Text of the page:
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Sunday, May 22, 2022

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City HallThe AgendaBreed on affordable housing, places for homeless transitional youth ...

Breed on affordable housing, places for homeless transitional youth …

... plus community policing and a creative approach to abortion rights in right-wing states. That's The Agenda for May 8-15.

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Mayor London Breed appears before the Board of Supes for Question Time Tuesday/10, and Sup. Dean Preston is slated to ask her about affordable housing.

There’s so much to ask about: Why the mayor isn’t spending Prop. I money the way the voters intended, why the acquisition and construction of affordable housing isn’t a bigger priority in her budget, and why the Planning Commission keeps approving market-rate housing projects that make the crisis worse (and might not get built anyway) … Preston is also concerned about housing for transitional age youth, and has a proposal before the Budget and Finance Committee Wednesday/11 that would require the city to buy or lease at least 20 more units for homeless TAY in the Haight Ashbury by March, 2023. It’s an interesting approach: The mayor has resisted the supes spending priorities, but this legislation would clearly state that the Department of Homelessness and Supportive Housing has to find those units and fund them.

Sup. Dean Preston is pushing a new approach to housing for transitional age youth.

The money is clearly available. From the Budget and Legislative Analysts report:

Based on the range of costs from property acquisitions since July 2020, purchasing 20 units could range from approximately $5.7 million to $9 million. Ongoing operating costs are estimated to be $400,000 per year … According to the Our City, Our Home 6-Month Projection Report for FY 2021-22, HSH budgeted $89.1 million for TAY housing, $30.7 million of which is expected to have been expended by the end of FY 2021-22, leaving $58.4 million available in FY 2022-23.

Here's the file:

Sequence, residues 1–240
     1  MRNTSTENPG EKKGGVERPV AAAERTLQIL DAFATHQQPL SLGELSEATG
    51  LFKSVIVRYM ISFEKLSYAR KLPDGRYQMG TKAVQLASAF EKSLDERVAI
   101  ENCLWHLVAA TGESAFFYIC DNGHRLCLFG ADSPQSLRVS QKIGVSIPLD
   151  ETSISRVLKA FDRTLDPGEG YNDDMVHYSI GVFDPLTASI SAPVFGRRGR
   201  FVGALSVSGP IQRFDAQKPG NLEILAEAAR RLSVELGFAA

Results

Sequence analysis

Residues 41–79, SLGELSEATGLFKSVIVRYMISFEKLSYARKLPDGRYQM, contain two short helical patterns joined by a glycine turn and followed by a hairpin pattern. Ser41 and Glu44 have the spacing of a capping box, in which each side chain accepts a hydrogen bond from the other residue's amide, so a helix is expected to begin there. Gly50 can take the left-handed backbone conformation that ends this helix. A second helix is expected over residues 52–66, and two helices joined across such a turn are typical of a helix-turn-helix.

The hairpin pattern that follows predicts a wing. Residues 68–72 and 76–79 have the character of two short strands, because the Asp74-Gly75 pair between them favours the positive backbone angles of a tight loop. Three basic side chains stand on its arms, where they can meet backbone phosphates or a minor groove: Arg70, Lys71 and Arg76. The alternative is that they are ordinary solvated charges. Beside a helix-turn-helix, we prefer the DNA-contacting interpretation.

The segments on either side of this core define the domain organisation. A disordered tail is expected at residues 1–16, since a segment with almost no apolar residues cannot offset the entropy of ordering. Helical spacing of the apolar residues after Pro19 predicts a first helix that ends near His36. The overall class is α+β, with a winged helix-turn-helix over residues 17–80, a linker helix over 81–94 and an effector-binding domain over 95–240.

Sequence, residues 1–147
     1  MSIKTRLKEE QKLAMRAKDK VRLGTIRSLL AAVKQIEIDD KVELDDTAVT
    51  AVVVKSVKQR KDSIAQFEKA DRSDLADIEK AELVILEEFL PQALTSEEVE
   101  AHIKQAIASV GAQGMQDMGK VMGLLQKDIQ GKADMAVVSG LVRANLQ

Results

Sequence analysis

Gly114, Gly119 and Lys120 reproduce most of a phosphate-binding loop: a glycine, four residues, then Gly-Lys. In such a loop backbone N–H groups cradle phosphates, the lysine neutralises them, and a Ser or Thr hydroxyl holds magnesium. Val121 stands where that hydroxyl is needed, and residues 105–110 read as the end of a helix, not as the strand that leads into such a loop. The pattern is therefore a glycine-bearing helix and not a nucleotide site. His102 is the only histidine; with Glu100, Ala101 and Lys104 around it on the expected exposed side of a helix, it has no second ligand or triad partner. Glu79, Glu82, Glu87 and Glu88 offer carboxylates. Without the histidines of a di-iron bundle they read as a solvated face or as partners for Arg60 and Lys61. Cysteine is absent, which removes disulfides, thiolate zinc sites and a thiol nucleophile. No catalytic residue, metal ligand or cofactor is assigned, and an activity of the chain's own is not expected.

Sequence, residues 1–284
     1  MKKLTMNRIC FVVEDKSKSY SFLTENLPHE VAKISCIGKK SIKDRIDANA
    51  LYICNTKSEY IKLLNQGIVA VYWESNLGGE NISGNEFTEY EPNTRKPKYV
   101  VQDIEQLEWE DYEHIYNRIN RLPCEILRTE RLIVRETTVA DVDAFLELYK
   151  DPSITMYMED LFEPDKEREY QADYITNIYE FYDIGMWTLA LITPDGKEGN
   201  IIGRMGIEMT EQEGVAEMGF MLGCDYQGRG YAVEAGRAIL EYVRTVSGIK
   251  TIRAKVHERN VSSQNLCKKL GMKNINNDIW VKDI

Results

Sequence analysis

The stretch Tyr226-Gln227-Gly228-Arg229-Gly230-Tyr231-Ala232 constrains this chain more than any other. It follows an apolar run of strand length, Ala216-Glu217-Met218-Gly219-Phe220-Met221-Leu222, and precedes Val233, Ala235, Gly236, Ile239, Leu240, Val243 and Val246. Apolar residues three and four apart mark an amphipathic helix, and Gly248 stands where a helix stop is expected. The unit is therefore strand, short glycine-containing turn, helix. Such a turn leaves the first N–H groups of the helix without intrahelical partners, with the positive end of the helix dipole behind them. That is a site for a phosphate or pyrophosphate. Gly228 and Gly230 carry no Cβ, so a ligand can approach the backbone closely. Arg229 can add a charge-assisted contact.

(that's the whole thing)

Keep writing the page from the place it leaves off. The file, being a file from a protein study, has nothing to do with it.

Perhaps Preston will ask Breed if she will support this idea, to improve the lives of homeless kids in the district she used to represent.

Pretty much every progressive study of law enforcement supports the idea of community policing, which involves getting cops out of their cars and walking (or these days, biking) on beats, interacting with the people who live and work in a neighborhood, instead of showing up (or these days, not showing up) when they get a 911 call.

For years, cops in San Francisco and a lot of other cities have resisted the idea: The cops like their cars, and don’t want to have to put in the hard work of building relationships with the people they are supposed to protect and serve.

Sup. Shamann Walton wants to require the SFPD to create a community-policing plan at every district station, including a process for public input. That measure is before the Public Safety and Neighborhood Services Committee Thursday/12.

Also on the agenda for that committee: A new measure by Sup. Rafael Mandelman that would require the Department of Homelessness and Supportive Housing to present a plan to provide all unsheltered people with a safe place to sleep at night.

That sounds like a fine idea—but advocates for the unhoused are not at all happy with the approach. You can read about that here.

That meeting starts at 10am.

The items that are at the end of the board’s agenda, the ones that almost nobody pays attention to, the stuff that can be approved without going to committee, sometimes contain fascinating stuff.

This week, Sup. Hillary Ronen has a resolution that raises what could be a key issue in the world after the Supreme Court overturns Roe v. Wade.

Ronen’s resolution would call on President Joe Biden to use federal land for abortion clinics in states that would outlaw the procedure.

It’s a new idea, but one that’s starting to get a little bit of traction. The idea, from Vox:

Because federal lands aren’t subject to states’ civil laws, and there’s room to interpret criminal laws, clinics could theoretically establish themselves on places like military bases and tribal lands, without having to deal with a state’s bans. “Even though the land is inside the border of a state, it wouldn’t be governed by the laws of a state,” says Bridges.

Any activity on these lands would instead be governed by federal law, meaning providers who operate there and people who travel there for abortions wouldn’t have to face state penalties. Cohen notes that there are past cases when a state’s right-to-work laws have not applied to how companies approach unionization if they are located on federal lands.

I don’t know how this would play out, and how the radical-right Supreme Court would come down on it, but these are the kinds of ideas we are going to have to start talking about.

48 Hills welcomes comments in the form of letters to the editor, which you can submit here. We also invite you to join the conversation on our FacebookTwitter, and Instagram

Tim Redmond
Tim Redmond has been a political and investigative reporter in San Francisco for more than 30 years. He spent much of that time as executive editor of the Bay Guardian. He is the founder of 48hills.

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